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Stanford Medicine pathology professor Richard Kempson dies at 92

Kempson, a founding member of the surgical pathology department, was an inspiring teacher and mentor to hundreds of trainees.

- By Krista Conger

Richard Kempson

Richard Kempson, MD, emeritus professor of pathology and co-founder of the Stanford Medicine Surgical Pathology department, died Aug. 19 in Kailua, Hawaii. He was 92.

Kempson was remembered as an inspired leader and teacher, as well as a beloved friend and mentor to hundreds of surgical pathology trainees. He was known for his distinctive and effective teaching style, which emphasized precise diagnostic criteria and the impact of correct diagnoses on patient care. Although his specialty was in gynecologic cancer, breast cancer and soft tissue tumors, he was an expert in all facets of surgical pathology.

“Richard Kempson was instrumental in establishing an internationally recognized residency and surgical fellowship program at Stanford Medicine that trained nearly 300 pathologists in the art of diagnostic surgical pathology,” said Lloyd Minor, MD, dean of the Stanford School of Medicine. “He was world-renowned in his field, and an extraordinarily kind, thoughtful and supportive mentor. He leaves a lasting legacy.”

Teri Longacre, MD, the Richard L. Kempson Professor in Surgical Pathology, said Kempson was “legendary, not just at Stanford, but worldwide. He was one of the great thought leaders in surgical pathology as we practice it today, and extremely well respected.”

Kempson was born June 16, 1930, in Phoenix, Arizona. He attended Tulane University as an undergraduate and received his medical degree from the same university in 1955. He completed his residency in anatomic and clinical pathology at Tulane and a fellowship in surgical pathology at Washington University in St. Louis, after which he became an instructor, then an assistant professor in pathology and surgical pathology at the school.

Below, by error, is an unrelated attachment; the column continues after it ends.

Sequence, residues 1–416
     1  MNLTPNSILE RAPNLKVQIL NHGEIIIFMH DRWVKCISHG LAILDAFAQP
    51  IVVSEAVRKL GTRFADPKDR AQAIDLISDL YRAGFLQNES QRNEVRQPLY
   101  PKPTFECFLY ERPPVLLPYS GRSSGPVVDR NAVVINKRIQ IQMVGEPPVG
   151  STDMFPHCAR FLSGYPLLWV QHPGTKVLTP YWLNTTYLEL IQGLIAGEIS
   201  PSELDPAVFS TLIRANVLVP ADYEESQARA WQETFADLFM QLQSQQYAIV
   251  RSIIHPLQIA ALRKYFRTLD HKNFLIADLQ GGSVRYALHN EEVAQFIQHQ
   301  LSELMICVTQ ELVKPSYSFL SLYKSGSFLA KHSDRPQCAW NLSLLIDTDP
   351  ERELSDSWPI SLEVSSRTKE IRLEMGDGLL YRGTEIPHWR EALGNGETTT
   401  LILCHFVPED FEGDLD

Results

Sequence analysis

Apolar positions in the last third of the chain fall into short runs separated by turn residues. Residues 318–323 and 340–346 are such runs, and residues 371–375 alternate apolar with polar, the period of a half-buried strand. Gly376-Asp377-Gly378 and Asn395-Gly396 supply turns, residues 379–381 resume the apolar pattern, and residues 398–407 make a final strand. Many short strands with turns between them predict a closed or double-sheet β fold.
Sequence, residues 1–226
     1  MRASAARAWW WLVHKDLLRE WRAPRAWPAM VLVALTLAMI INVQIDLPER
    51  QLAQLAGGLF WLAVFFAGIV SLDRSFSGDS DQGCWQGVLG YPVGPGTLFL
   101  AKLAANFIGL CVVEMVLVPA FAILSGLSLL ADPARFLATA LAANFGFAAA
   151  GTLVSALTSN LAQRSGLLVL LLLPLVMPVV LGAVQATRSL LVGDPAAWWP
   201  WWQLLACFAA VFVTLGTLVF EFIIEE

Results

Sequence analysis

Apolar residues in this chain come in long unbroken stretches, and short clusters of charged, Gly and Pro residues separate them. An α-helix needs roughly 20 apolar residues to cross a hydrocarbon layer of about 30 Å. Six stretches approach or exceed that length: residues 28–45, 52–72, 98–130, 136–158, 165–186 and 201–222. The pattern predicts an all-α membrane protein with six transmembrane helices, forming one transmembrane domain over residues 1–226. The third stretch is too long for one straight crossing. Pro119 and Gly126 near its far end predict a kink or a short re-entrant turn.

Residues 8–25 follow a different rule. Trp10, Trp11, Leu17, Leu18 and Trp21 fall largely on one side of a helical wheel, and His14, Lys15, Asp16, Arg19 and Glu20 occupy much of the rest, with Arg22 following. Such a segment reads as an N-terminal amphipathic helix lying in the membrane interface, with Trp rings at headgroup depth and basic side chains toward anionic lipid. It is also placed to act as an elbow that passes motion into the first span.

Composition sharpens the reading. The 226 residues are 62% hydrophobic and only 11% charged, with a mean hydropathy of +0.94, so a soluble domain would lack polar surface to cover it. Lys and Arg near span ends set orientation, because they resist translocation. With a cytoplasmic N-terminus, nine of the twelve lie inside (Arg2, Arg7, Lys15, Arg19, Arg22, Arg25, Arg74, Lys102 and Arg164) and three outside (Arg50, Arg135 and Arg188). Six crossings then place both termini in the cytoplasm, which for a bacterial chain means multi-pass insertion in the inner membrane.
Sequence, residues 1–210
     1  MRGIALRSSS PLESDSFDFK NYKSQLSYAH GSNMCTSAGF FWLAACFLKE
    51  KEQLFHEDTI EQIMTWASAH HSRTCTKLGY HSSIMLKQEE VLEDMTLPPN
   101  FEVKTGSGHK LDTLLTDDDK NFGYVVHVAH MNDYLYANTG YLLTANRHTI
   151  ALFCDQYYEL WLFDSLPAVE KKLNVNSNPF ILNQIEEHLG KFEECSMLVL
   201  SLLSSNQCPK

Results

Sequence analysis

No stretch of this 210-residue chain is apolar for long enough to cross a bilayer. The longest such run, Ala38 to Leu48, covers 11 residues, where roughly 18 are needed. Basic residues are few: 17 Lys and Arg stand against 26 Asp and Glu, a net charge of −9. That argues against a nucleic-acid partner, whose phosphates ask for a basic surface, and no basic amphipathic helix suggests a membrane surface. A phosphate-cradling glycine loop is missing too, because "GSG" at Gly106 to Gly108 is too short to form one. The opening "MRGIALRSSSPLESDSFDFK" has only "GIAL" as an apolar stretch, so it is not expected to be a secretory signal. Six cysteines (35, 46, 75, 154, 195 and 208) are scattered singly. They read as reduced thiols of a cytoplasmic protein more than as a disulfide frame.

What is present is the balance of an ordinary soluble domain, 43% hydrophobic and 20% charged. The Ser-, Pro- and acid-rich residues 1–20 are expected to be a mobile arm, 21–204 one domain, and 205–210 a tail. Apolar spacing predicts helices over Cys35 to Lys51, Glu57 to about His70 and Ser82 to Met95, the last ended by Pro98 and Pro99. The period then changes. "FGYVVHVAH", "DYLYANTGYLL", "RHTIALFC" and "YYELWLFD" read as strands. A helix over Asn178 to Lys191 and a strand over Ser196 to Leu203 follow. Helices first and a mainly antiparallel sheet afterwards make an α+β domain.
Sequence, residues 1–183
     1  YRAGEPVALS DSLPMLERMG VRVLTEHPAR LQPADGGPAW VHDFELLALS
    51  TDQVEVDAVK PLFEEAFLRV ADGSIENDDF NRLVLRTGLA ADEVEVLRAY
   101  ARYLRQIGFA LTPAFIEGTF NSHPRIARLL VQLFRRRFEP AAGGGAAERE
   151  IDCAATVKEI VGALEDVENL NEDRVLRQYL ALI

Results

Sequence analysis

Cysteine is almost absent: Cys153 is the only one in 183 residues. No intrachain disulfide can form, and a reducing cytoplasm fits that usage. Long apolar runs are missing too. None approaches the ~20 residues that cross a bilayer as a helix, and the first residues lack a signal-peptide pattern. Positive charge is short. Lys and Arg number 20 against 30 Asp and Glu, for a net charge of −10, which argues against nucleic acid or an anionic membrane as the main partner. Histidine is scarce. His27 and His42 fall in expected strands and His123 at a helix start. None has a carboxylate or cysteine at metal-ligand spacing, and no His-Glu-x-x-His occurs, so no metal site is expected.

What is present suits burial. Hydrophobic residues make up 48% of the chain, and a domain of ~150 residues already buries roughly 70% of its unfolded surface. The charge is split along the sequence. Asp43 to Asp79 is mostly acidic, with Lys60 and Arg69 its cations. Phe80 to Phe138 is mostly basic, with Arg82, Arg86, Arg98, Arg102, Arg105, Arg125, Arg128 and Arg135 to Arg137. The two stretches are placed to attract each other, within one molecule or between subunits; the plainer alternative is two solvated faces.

Founding the surgical pathology division

Kempson and his longtime colleague, Ronald Dorfman, MD, were recruited to Stanford University together in 1968 from Washington University in St. Louis to establish a new division of surgical pathology, which relies on specially trained pathologists to diagnose disease through the macroscopic and microscopic examination of tissues removed from patients. Together they built a program that rapidly gained international recognition. Dorfman died in 2012, but the impact of their partnership remains.

Richard Kempson impressed upon his colleagues that "at the end of each glass slide there is a patient."
Courtesy of the Kempson family

“There was something almost magical about the Stanford Pathology department at that time,” pathologist Mahendra Ranchod, MD, then a visiting faculty member, recalled in Dorfman’s obituary. “Ron Dorfman and Dick Kempson established a great department with very high standards, and together the two, by their actions, imbued the place with a culture: We’ll all do our best, we’ll work together and we’ll do the best we can for our patients.”